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A Worthy Salute

by Chris Pinkert / St. Louis Blues
Hockey players may be the toughest athletes in all of sports.

Every minute of every shift, they risk breaking bones, tearing muscles, or even losing teeth for the greater good. They don’t complain, they don’t whine and they certainly don’t cry. When they're injured, they’re stitched up and back on the ice in time for the next shift.

Talk about commitment and making sacrifices.

So what, if anything, could make these guys get even slightly emotional?

How about a ceremony celebrating their passion for the sport and their commitment to the teammates and city they played for?

Add some family and friends and that’ll do the trick.

On Monday, the Blues honored four of the greatest players ever to have the No. 7 stitched on their sweaters: Gordon “Red” Berenson, Garry Unger, Joe Mullen and Keith Tkachuk. The team held a pregame ceremony outside Scottrade Center before Monday’s game vs. Columbus to celebrate the careers of each player, helping to pay them back for the pride they exhibited while wearing the Blue Note on their chests.

And perhaps even more touching? All four players laced up the skates and stood at the blueline during the National Anthem before the game.

Unger couldn’t help but get a little emotional on Monday.

"I spent a fair amount of time here. I played a majority of my career in St. Louis," he said. "I got married when I was here and my kids were born here. I had an opportunity to fulfill a lot of my childhood dreams here. It was really a special time of my life."

Since their inception in 1967, the Blues have retired just six numbers: No. 2 (Al MacInnis), No. 3 (Bob Gassoff), No. 8 (Barclay Plager), No. 11 (Brian Sutter), No. 16 (Brett Hull) and No. 24 (Bernie Federko). Retiring a sweater is a time-honored tradition, and one that all four of Monday’s guests of honor might have received had they not all worn the same number.

So instead, the Blues opted to salute No. 7, giving each of them a unique painting and a jersey from the era in which they played. In addition, the Blues unveiled a banner featuring action shots from their playing days. The banner will permanently reside above the Suite located in Section 107 at Scottrade Center.

“We are always looking to add unique and special events for our great fans and this event undoubtedly qualifies,” said Blues CEO Mike McCarthy.

Berenson wore No. 7 from 1967-71 and ranks 12th all-time in Blues history in games played (519) while placing seventh in goals (172) and eighth in both points (412) and assists (240). He’s tied for second in game-tying goals (15). As a coach, he led the team to a 100-72-32 record.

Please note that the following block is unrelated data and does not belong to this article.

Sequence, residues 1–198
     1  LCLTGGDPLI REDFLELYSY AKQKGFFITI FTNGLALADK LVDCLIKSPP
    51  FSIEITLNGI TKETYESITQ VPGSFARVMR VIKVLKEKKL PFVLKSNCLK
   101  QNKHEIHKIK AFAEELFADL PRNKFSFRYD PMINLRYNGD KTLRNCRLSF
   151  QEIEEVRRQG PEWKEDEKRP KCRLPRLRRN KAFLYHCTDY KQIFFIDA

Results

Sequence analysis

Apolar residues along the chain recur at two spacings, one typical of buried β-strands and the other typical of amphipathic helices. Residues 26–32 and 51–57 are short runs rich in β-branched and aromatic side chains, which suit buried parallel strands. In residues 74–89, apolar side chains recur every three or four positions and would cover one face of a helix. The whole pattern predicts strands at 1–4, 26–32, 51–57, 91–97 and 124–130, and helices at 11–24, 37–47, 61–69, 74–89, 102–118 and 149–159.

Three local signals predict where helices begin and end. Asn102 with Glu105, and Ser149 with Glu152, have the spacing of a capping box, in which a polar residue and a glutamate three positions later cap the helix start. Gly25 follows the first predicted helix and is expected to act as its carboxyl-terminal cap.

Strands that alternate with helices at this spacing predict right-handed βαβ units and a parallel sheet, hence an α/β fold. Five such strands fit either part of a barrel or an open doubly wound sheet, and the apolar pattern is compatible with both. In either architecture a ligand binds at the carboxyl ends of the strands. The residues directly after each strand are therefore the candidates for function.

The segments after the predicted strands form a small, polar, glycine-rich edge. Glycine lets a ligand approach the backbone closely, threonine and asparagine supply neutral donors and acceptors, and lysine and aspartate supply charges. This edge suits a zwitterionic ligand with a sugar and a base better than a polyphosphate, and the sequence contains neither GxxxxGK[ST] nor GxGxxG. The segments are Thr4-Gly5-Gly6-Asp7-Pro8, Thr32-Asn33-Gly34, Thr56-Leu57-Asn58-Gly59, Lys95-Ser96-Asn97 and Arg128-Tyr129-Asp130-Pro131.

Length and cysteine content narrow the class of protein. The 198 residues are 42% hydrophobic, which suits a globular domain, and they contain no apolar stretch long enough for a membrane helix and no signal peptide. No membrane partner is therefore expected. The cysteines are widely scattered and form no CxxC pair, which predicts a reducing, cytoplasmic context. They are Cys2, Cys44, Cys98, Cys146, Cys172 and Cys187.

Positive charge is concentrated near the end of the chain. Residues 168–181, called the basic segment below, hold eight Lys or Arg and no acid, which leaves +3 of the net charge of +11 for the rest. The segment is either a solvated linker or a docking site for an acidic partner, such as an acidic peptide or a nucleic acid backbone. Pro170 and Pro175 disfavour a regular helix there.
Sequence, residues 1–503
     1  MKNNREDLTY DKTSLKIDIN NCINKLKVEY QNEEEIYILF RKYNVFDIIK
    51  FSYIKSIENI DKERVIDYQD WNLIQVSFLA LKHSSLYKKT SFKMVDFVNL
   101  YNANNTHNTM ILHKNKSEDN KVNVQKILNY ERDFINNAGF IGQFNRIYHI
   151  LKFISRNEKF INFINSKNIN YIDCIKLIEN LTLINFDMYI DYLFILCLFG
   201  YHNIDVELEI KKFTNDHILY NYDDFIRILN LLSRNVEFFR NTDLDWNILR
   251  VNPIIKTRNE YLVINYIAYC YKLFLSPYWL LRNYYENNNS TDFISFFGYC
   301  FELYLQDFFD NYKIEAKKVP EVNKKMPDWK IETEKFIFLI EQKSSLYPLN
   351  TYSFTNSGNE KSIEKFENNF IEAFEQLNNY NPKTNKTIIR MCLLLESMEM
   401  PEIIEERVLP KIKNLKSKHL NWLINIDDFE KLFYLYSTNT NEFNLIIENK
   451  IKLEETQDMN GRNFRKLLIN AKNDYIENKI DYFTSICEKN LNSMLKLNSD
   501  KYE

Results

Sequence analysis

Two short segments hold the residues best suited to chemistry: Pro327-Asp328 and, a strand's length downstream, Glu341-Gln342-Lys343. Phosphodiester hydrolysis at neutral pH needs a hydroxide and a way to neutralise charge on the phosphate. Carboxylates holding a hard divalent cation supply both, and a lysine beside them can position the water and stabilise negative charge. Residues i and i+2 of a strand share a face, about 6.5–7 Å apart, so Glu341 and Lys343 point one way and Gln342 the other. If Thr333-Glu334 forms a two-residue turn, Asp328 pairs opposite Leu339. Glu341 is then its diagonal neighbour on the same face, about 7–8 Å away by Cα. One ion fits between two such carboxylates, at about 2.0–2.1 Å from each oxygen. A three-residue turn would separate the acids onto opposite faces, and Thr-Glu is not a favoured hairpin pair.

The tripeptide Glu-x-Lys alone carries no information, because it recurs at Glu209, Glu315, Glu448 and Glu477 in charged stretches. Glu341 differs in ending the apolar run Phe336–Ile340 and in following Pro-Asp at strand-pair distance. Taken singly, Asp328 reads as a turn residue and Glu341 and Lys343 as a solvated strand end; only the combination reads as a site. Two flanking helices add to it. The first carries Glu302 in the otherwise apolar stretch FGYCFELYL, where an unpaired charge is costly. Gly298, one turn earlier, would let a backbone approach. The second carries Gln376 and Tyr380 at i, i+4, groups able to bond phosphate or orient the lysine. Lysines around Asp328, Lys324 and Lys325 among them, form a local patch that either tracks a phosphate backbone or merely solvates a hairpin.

Unger, the second player to wear No. 7 (1970-79), is the fourth-longest tenured Blue in club history. In 662 games, Unger ranks fourth all-time in goals (292) and points (575), sixth in assists (283), third in hat tricks (7) and game-winning goals (40) while remaining the club leader in game-tying goals (19).

Mullen wore No. 7 from 1979-86 and played 301 career games for the Blues. He ranks 11th all-time in goals (151), 20th in assists (184) and 13th in points (335). A 16-year veteran, he is one of seven players in team history to average over a point per game with the club.

Tkachuk was was the last player to wear No. 7 (2000-10) and retired last season. A five-time NHL All-Star, Tkachuk ranks 11th in club history in games played (543), fifth in goals (208), 13th in assists (219), seventh in points (427) and is tied for fifth in game-winning goals (29).

"I feel honored to be a part of (this). I've always loved the Blues," Berenson said. "(The No. 7) has been a good number, but it's really been a good memory for us to be part of the Blues. I think we all feel the same."

"(Wearing the Blue Note) didn't mean much at first, we questioned it," Berenson recalled. "But by the end of the first year, everything started to fall into place. There was no second-guessing of the team, the players, management or the uniforms. The organ playing 'When the Blues Go Marching In' was unbelievable. It made us a goal-a-game better every time we stepped onto the ice at home.

"(St. Louis) became a special place."

Monday’s game featured food, drink and merchandise specials for $7. In addition, a special silent auction featured autographed items from each of the former No. 7s.

"I feel pretty honored to be mentioned in the same breath as the other three guys," Tkachuk said. "It's a fun night. I'm taking it all in and I really enjoyed my time here."
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